How to Invest in Real Estate with a Self-Directed IRA

Investors who look beyond the traditional menu of retirement account offerings to self-directed IRAs can find a new level of investment opportunity. Because the accounts can directly purchase, manage, and sell real estate, account owners can harness the power of real estate investing while still enjoying the same tax benefits that make traditional IRAs an investment staple. Here’s what you need to know about how to invest in real estate with a self-directed IRA.

Life Bridge Capital is a leading real estate syndication company. We offer our investment partners the opportunity to leverage shares of multifamily rental properties into a passive monthly income. Learn More

What Are Self-Directed IRAs?

Traditional and Roth IRAs have long been the meat and potatoes of retirement planning to reduce the individual tax burden. Contributions to traditional IRAs occur on a pre-tax basis, lowering taxable income with the contribution. On the other hand, Roth IRA assets do not incur taxes at withdrawal. 

Self-directed IRAs (SDIRAs) enjoy these same benefits, but there are more investing options available to SDIRAs than traditional IRAs. The account custodians limit traditional IRAs to assets like stocks, mutual funds, bonds, and certificates of deposit. SDIRAs, however, can include a much wider range of assets, including real estate.

Imagine socking away an income-producing property in a Roth SDIRA and watching both the income and property appreciation grow tax-free until retirement!

How to Open a Self-Directed IRA

Whereas traditional IRAs can be opened in minutes online through online brokerages and banks, finding a custodian for a SDIRA requires more research, because they are a more challenging product for the institution to hold. 

When shopping for a SDIRA custodian, know that each institution will pick and choose which assets they permit in the accounts. For example, SDIRAs can contain precious metals, cryptocurrencies, foreign currencies, and closely-held businesses. Given that variety, some companies choose to specialize in some assets over others.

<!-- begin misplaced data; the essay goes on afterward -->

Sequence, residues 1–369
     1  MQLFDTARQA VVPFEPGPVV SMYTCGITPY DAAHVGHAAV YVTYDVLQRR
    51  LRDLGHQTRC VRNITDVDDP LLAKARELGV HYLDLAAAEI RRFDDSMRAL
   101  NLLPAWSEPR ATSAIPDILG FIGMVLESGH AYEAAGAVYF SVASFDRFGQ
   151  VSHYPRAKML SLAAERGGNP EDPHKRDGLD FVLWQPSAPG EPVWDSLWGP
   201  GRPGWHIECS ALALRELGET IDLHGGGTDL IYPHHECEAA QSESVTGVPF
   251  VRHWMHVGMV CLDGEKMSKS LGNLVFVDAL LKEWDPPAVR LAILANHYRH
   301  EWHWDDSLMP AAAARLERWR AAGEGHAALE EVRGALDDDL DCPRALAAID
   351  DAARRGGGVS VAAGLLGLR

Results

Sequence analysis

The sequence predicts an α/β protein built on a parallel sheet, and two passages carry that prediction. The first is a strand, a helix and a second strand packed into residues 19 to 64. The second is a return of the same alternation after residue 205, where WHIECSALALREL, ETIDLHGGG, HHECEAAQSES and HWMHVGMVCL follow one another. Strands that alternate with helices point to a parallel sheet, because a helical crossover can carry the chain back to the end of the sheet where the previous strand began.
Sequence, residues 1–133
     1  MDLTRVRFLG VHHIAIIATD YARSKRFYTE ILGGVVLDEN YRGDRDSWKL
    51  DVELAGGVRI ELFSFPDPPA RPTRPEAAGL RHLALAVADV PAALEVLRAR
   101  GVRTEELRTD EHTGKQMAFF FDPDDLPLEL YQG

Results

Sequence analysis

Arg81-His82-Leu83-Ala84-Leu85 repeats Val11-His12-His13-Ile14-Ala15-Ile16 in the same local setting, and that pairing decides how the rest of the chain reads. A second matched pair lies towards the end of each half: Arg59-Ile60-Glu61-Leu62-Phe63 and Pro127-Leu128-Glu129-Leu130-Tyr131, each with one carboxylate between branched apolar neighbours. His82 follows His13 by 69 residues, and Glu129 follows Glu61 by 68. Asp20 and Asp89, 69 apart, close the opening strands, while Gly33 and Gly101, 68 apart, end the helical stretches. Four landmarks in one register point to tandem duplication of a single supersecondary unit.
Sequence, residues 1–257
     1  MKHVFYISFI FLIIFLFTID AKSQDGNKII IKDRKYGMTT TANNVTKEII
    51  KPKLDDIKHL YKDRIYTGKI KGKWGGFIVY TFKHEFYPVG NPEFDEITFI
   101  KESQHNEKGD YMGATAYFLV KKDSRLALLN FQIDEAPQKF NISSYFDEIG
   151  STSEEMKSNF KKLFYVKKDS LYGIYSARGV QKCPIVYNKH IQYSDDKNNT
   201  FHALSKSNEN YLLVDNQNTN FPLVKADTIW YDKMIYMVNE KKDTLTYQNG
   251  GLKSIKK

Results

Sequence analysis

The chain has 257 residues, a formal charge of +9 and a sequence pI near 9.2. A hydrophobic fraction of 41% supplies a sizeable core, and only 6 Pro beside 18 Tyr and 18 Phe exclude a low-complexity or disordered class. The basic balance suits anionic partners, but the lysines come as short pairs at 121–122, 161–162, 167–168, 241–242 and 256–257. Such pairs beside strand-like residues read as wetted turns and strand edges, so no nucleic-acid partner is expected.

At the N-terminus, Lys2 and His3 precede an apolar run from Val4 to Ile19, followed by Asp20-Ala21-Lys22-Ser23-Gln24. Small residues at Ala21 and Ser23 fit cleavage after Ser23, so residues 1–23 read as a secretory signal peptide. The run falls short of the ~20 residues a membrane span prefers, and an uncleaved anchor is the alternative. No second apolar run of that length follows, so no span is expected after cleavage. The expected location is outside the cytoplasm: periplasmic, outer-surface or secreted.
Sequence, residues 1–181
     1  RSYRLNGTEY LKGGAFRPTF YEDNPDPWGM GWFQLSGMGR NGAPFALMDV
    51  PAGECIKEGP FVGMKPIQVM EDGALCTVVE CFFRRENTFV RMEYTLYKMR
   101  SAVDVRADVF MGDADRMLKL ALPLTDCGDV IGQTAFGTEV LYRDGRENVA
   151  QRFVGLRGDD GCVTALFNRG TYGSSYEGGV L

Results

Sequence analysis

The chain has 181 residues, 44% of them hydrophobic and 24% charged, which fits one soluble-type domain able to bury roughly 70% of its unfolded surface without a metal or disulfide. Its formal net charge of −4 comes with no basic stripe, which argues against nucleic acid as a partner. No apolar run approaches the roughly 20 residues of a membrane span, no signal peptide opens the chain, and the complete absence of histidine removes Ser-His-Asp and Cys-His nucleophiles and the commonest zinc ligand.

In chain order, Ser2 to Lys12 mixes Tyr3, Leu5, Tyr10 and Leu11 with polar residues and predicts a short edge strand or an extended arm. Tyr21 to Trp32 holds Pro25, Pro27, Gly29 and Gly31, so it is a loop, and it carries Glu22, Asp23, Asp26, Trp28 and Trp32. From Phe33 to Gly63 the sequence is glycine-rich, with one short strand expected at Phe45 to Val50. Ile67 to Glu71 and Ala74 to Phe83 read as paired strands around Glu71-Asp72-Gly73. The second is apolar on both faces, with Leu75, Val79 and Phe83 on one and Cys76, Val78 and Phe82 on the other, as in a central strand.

That’s why it’s important to carefully vet each company before opening an account. Doing so eliminates the risk that the company is fraudulent, but it also gives the prospective investor an idea of the perks and costs associated with SDIRAs across the board.

The fees are likely to be much greater than with traditional retirement accounts as well. For example, fees may be annual and based on the value of assets. In addition, some companies charge fees for each transaction. Knowing how much of your investment goes to account maintenance is crucial for maximizing earnings.

Adding Real Estate to Your SDIRA

After opening an SDIRA, the account owner’s next step is to purchase real estate on behalf of the account. Of course, the SDIRA can be home to traditional IRA favorites like REITs and real estate ETFs, but the ability to directly purchase and invest in real estate (including real estate syndications) is the real appeal of these accounts.